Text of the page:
Finally, there were NO distinct services in our central IT service catalog that applied only to STAFF or only to FACULTY!  When I examined what we provisioned, it was identical.  The common denominator was more base than either higher-level or distinct role. (e.g. both get email, we provisioned to each affiliation and then a had to handle collisions, when in 100% of the cases they would have email.  Duplicate work!)

 

If you were to draw membership the way I describe it in a Venn Diagram, the outer ring would be member, and completely contained within member would be employee.  Within employee would be two additional containers that could remain separate or intersect each other perhaps.  I tend to draw this as a pyramid of sorts.  Student remains within member but outside employee.  (Student employees have both affiliations as a result.)  See attached diagram.  The first column is what I’m supporting, the last is closer to what we historically have done.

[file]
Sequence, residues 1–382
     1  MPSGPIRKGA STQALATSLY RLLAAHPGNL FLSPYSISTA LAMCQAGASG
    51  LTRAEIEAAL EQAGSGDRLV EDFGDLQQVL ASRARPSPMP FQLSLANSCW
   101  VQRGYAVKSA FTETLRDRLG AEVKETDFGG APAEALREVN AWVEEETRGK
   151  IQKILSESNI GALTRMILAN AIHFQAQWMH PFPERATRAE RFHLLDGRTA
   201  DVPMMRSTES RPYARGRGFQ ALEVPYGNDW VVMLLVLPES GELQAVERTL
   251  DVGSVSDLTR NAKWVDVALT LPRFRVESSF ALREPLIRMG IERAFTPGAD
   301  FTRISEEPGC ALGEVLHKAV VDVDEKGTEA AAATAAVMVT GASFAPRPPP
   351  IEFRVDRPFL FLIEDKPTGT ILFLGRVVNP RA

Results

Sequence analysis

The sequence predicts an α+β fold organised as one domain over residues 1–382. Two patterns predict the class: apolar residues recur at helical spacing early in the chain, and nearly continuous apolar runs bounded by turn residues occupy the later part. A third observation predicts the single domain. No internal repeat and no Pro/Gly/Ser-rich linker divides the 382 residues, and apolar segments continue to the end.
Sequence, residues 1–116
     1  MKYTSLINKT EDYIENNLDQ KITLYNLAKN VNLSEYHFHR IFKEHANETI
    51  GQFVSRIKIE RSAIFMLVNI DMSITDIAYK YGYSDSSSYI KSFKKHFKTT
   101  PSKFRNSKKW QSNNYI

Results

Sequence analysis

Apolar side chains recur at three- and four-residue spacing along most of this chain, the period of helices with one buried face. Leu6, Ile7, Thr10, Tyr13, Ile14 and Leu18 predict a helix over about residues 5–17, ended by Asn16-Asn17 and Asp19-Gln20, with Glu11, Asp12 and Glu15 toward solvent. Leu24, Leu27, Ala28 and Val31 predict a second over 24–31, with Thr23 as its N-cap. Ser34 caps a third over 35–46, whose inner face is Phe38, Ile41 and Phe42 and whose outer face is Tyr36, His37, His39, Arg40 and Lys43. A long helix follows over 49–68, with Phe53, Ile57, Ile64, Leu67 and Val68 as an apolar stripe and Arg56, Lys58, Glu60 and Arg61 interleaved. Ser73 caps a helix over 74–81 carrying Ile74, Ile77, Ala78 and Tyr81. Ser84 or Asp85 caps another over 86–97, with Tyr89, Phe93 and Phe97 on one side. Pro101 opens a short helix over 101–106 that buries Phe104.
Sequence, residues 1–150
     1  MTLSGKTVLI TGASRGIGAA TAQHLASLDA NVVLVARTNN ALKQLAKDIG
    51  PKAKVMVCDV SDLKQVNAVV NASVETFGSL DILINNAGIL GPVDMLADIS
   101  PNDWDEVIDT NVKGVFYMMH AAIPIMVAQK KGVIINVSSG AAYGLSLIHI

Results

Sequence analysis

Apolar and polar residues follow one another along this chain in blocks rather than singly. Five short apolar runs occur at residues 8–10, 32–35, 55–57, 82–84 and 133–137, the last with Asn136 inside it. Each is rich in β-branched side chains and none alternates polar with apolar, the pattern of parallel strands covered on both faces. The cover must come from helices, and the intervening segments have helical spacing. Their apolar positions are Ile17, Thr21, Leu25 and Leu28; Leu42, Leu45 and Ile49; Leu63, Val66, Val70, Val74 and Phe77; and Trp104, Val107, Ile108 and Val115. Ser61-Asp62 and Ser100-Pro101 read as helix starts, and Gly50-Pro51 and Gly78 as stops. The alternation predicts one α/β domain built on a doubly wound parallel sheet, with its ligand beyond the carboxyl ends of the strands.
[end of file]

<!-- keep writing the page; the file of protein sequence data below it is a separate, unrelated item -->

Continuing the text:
The practical outcome was that our affiliation and provisioning logic gets a lot simpler thinking of it this way.  I’ve attached a diagram that shows this simply (I’ve presented it before) but I think it is a better conceptual match, and if you approach the problem this way, then you really do need member and employee affiliations, not just staff or faculty.  In our case, staff and faculty are actually meaningless (for service and provisioning) without the assumption that any such affiliation is by definition also a member and employee.  It also allows for a “member” type relationship that has no benefits or salary, but is seen as a participant, someone able to assert the university’s interests on its behalf, without the clear-cut and often non-existent payroll, benefits, or appointment source record. 

 

We haven’t reworked our IAM systems to work this way, but will in our next major revision.  The actual service delivery remains the same, but  ***about 1/3 the complex logic!***  Any/all “staff” members will have at least 3 affiliations: member, employee, and staff.

 

Best regards,

 

Jim Dillon

-----------------University of Colorado------------------

Jim Dillon, CISA, CISSP

Program Director, OIT

Administrative Systems, Data Services, and Identity

jim.dillon@colorado.edu                303-735-5682

------------------------Boulder--------------------------